'It's unexplainable. Like you can't make that up,' she said. 'My husband keeps saying, 'This is some stuff out of a movie.''
Christina Sadberry spent more than a decade searching for her biological family, completely oblivious to the fact that she had been walking past a sibling in the hallways at Fort Worth's Cook Children's Medical Center for seven years. Sadberry was adoped when she was 3 months old, and raised in Austin, Texas. Although she started looking for her birth family in 2006 and did eventually manage to track down her birth mother, she wasn't able to learn anything about who her biological father was or if she had any siblings. Her mom "pretty much said that only her and her mom knew about me and she just kind of left it at that," the 42-year-old told PEOPLE.
A few years later, in 2014, Sadberry took a 23andMe test in the hopes of finding more of her biological family. However, all she matched with were distant cousins. "I was like, 'Okay, nobody is ever going to show up,'" she recalled thinking. Little did she know, what she sought would come seeking her a few years later. In 2021, Raymond Turner's wife, Maria, gifted him a 23andMe test for Christmas. Raymond—who was raised by his maternal grandmother in Hempstead, Texas, along with his younger brother—knew about a younger half-brother and a step-sister prior to taking the test. However, he had no clue that he had a biological sister also.
By taking the test, he hoped to learn where in Africa his family was from and maybe plan a roots trip. "I thought it'd be great for us to finally solve this mystery together," Turner recalled. When he received the results of the test on St Patrick's Day, he was stunned by the results. "I said, 'This can't be. This is wrong,'" Turner said of finding out he had a biological sister. "I was about to write off the whole thing thinking it was a big mistake." Instead, he reached out to Sadberry. "I started shaking and got chills and freaking out and my heart started racing," she said of the moment she learned she had a brother.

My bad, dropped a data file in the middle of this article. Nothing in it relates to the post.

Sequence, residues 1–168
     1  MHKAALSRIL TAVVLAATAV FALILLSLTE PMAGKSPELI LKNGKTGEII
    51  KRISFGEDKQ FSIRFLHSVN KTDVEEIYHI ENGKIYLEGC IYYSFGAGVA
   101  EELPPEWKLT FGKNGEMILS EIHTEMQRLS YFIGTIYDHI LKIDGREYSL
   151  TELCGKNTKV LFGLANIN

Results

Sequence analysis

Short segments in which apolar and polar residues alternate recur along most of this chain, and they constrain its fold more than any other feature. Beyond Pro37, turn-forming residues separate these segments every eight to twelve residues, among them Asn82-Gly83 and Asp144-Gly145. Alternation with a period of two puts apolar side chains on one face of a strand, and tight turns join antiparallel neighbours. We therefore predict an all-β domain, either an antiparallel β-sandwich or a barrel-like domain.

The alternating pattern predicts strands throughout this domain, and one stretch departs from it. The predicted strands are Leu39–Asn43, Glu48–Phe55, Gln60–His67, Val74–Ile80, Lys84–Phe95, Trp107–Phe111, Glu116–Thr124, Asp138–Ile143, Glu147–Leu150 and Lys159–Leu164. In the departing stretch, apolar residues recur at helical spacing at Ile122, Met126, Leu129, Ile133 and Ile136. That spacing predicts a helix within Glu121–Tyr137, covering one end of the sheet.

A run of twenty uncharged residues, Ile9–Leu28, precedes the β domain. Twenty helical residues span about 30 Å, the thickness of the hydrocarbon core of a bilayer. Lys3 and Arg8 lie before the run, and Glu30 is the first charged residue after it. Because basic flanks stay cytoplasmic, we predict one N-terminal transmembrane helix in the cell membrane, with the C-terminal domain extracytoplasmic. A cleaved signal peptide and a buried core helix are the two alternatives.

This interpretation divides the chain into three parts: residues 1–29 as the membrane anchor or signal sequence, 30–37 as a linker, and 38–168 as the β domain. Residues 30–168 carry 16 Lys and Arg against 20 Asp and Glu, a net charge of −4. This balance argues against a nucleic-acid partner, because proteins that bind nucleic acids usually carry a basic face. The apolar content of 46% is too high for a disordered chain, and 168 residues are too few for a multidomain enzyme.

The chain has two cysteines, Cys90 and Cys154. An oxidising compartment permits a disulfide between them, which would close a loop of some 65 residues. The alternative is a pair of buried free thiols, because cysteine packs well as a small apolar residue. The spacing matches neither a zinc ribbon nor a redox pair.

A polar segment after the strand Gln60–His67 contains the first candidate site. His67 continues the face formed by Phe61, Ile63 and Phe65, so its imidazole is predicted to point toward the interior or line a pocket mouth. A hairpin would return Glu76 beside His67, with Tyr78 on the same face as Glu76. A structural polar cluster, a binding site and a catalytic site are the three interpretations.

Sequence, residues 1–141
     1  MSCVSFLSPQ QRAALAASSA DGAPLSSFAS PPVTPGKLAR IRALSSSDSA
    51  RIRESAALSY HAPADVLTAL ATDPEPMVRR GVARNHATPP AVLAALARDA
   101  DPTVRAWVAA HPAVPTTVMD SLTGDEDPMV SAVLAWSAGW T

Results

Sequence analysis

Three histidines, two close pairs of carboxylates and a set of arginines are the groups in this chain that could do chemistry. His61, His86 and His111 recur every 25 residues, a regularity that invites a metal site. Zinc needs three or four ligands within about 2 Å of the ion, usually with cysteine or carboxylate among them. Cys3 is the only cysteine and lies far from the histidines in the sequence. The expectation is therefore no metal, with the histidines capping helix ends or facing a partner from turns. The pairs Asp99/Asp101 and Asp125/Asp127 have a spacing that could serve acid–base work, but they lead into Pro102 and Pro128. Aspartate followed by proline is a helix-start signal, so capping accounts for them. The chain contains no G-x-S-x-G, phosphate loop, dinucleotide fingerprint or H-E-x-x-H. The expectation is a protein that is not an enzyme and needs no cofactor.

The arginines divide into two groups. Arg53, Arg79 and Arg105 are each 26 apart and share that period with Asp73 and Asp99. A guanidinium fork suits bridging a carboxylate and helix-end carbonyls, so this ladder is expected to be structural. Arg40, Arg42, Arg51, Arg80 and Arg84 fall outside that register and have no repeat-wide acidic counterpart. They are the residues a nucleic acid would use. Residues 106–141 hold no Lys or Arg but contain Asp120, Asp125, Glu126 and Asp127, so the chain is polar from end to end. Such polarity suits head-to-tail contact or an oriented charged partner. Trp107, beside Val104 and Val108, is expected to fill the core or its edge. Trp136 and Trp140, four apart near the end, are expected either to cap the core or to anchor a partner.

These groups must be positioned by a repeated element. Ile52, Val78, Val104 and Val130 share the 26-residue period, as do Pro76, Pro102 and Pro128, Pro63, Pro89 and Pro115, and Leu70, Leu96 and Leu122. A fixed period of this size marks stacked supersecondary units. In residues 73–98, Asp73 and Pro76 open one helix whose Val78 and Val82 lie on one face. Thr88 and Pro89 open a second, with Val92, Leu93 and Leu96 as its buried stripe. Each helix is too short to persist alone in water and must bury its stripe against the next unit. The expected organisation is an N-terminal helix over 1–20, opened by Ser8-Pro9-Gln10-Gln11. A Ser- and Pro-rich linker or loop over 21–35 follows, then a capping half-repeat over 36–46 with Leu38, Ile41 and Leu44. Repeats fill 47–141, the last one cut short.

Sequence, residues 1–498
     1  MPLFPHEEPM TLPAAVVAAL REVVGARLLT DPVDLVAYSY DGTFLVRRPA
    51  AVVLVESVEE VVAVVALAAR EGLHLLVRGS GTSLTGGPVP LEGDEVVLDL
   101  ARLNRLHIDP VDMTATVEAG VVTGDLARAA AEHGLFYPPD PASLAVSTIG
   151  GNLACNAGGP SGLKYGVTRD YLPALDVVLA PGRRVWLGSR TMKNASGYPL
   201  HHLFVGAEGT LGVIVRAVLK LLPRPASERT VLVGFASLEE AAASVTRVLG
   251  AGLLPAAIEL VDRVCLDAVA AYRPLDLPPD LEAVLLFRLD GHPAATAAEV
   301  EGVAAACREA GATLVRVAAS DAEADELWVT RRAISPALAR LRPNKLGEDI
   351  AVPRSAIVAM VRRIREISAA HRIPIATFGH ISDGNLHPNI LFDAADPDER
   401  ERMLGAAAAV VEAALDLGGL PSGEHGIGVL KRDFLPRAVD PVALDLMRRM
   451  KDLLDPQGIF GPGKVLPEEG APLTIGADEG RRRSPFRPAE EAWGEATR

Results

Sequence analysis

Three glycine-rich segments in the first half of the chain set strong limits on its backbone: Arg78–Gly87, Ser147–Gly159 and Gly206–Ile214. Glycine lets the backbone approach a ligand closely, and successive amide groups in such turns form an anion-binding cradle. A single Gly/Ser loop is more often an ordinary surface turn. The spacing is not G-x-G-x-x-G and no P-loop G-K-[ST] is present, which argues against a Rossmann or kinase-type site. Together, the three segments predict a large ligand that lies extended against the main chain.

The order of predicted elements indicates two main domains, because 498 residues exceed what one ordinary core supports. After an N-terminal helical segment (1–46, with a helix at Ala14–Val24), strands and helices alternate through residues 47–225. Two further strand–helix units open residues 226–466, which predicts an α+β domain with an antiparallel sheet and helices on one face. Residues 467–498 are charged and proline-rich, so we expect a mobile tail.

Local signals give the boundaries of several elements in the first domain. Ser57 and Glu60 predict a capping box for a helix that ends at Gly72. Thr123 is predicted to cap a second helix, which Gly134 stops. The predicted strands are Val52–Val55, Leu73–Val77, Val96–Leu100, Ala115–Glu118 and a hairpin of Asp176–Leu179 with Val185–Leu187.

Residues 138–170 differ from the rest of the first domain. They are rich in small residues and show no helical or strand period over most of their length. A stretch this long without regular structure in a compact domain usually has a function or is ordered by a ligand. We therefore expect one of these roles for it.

Eventually, the siblings learned that they have the same biological father. They also discovered that their paths had likely crossed many times over the last seven years. Sadberry's 11-year-old son Bryson has a kidney disorder, nephrotic syndrome, and has been going to Cook children's hospital—where Turner works as a recording studio producer—since spring 2015. According to Sadberry, there were probably at least 15 or 20 times over the years when they were at the hospital at the same time without knowing. However, the first time she noticed Turner was just hours before the siblings learned the truth.
Sadberry had taken her son to the hospital for a check-up that morning and while stopping to look at the LEGO sculpture, she noticed a man in a red shirt playing the keyboard inside the studio. That man was Turner. "It's unexplainable. Like you can't make that up," she said. "My husband keeps saying, 'This is some stuff out of a movie.'" The siblings' official first meeting was at the hospital on March 25. "Hugging him felt like home," Sadberry said. "Just to be around him felt like home." They felt like they found the "puzzle piece" that had been missing, Raymond shared, recalling his wife telling him at the time: "Your heart knew that there was still another part of you out there."
"My world is complete now," said Sadberry, who is a Master Sergeant in the Air Force Reserve. "This is what I was missing." Meanwhile, Turner revealed that their friendship and connection have inspired others to do DNA testing to try and find more family. "There's a homing device in each of our souls that wants to find home. Who I am, where do I fit into this crazy world? How am I connected to this person?" he said. "I think those answers are necessary to find out more of who you are and you might be surprised along the way. There's such a completeness when that puzzle piece fits into place. I'm just excited to get to know more about her. Find out more quirky things that we have in common and just enjoy what God has brought together."